Nora Hall is a European-style woodcarver. She also happens to be one of the premier woodcarvers in the United States. The story of her life -- growing up in the Netherlands, enduring Nazi occupation, hiding Jews and dissidents in their home, becoming the first woman woodcarver in the country, and then coming to America with only $14, moving around, and finally settling in Troy, Michigan -- is the stuff of legends. In fact, Woodworker's Journal (the print version) featured Nora and her story in its April 2000 edition. But for Nora, the present and future are far more interesting topics.
Surprisingly, Nora feels like she's only recently achieved a level of success and notoriety for her work with the completion of carvings for the Symphony House in West Bloomfield, Michigan. That's given her a steady flow of commissions that keep her busy.
Nowadays, when Nora begins a project for a house, she usually meets with the architect first to hear his or her ideas. If it's a door panel she's working on, the house's owners often send her pictures of doors they've seen. Then she makes eight to ten sketches of different subjects and approaches. Once they make a decision, she works up a very detailed drawing & sometimes for both sides of the door. One of her regrets is that she isn't a furniture maker and must depend on a cabinetmaker to create the structure for her panels.
When she started teaching carving, Nora discovered that one of the weaknesses of carving in America is that so many carvers are self-taught.
"Over the centuries in Europ,e groups of woodcarvers worked together. It was passed from one generation to another. Woodcarvers were only paid a little more than furniture makers in Europe, so they were usually poor. If you made a mistake you would have to redo it, and if things broke off you would have to glue it back on. They couldn't lose any time with bad habits so they developed the most efficient way of carving. When you make your cut, you make sure that it's right and doesn't break any piece out & that means you understand the grain. I remember telling my dad that I would never learn the grain, but by copying the way he did it, it only took me one day to learn!"
In her classes, she helps students "unlearn" some of the bad habits they've picked up along the way. "My method is hard to describe, and you have to see it being done. People copy it and carve like I carve. In my classes I tell my students, right from the beginning, that they have to work with both hands. When I was learning, I thought that would be too hard for me, but it took me only an hour, and I didn't even know the difference. And within an hour my students don't know any different. They are amazed how much easier it is. And I teach them to carve with small cuts so they always have complete control. Like the old masters, I know you must have control of the tool so it does not run away and take things off that you don't want. So that is the secret & control of the tool. They progress a lot faster than they would when doing it the wrong way."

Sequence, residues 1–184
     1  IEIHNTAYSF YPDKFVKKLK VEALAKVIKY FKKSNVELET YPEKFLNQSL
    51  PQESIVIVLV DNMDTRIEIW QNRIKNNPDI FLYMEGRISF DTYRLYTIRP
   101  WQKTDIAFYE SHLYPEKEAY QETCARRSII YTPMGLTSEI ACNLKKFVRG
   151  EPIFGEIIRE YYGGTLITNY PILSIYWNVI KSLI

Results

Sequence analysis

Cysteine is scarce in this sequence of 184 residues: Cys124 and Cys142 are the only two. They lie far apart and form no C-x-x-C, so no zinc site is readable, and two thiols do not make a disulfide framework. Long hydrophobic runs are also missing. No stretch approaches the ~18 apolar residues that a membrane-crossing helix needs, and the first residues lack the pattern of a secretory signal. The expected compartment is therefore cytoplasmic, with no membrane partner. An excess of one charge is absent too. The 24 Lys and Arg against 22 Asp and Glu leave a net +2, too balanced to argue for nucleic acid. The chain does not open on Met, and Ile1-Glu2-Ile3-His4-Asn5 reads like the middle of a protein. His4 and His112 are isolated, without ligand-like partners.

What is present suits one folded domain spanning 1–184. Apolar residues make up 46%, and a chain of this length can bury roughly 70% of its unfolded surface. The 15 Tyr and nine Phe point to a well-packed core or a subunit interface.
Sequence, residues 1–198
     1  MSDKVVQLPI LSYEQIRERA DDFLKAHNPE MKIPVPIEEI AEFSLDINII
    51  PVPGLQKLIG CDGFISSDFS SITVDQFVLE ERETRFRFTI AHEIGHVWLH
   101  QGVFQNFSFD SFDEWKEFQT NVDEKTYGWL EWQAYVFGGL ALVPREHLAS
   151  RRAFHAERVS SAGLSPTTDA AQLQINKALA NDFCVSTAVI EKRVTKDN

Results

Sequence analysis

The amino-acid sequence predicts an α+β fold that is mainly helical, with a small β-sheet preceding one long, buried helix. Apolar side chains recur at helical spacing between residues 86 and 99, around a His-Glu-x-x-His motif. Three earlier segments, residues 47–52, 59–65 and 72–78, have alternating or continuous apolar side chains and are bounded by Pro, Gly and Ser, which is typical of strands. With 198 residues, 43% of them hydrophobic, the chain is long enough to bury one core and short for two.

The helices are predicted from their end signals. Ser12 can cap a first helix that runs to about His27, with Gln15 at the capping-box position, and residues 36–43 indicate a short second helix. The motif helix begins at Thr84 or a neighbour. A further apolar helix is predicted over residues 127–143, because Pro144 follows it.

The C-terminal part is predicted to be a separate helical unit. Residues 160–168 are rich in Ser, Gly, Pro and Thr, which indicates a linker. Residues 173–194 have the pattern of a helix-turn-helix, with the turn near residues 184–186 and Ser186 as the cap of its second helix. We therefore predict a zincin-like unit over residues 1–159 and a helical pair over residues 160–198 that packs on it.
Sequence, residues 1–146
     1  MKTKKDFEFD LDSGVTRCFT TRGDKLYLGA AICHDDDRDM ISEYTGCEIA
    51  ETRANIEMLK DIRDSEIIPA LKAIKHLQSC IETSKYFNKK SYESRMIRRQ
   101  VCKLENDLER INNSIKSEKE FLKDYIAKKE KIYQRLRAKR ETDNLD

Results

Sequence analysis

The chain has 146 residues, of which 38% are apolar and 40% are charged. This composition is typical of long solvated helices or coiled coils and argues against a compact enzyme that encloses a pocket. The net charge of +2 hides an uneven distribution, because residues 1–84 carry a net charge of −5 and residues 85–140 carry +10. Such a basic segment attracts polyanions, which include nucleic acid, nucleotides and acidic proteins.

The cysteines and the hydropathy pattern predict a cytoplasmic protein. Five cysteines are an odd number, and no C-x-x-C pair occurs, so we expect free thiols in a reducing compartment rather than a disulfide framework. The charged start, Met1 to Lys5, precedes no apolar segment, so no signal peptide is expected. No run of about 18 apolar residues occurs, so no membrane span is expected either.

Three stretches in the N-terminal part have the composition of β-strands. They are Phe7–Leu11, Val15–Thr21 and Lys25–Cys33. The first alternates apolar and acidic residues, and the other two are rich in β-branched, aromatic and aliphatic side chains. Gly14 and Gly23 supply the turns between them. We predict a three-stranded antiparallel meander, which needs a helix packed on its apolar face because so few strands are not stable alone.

One of her favorite pieces is an Art Nouveau panel based on the illustrations of Alphonse Mucha. "The original provided some beautiful lines, but it was quite different to carve it." Nora explained.
When Nora realized she couldn't reach every carver in America, she decided to develop a set of videos with step-by-step instructions. So around eight years ago, her son used a camcorder to capture her techniques, but the quality of their first attempt was unsatisfactory. When they hired professionals, Nora went through the four stages of carving a lion's head, but the camera angles, lighting, and quality were still wrong. Finally, she invested in her own camera and turned to her other son, who had experience creating videos, to produce the series.
"The best approach was to film a closeup of my hands, so they could see what I'm doing," Nora recalled.
Her videos are available on her web site, which also offers information on her classes, tools for sale, tips, patterns, even plaster casts of her work for carvers to study.
Nora was 18 when she became her father's apprentice, but she doesn't think a carver has to start young.
"I know a carver in California who started at age 60." She explained, "He had a heart problem, and his doctor didn't give him long to live. But he quit his job and started carving. He made beautiful birds and lived for a long time, eventually creating a carving museum in San Luis Obispo."
Age is no obstacle for Nora today. And being so busy gives her reason to do what she enjoys most.
"It is so relaxing when you are carving," she explained, "You go to the workbench and forget all stresses of everyday life. You don't think about your problems. You have thoughts, of course, but at a different level and you get a lot of inspiration and ideas. God is telling me things when I carve that I should not forget. Things are in a completely different context. If I don't carve, I get nervous. When I was sick one time, I had to go look at my workbench. We are all created in the image of God, and we are happiest when we create things."
While Nora's focused on the present and future, if you're interested in finding out about her past, check out the Woodworker's Journal article here.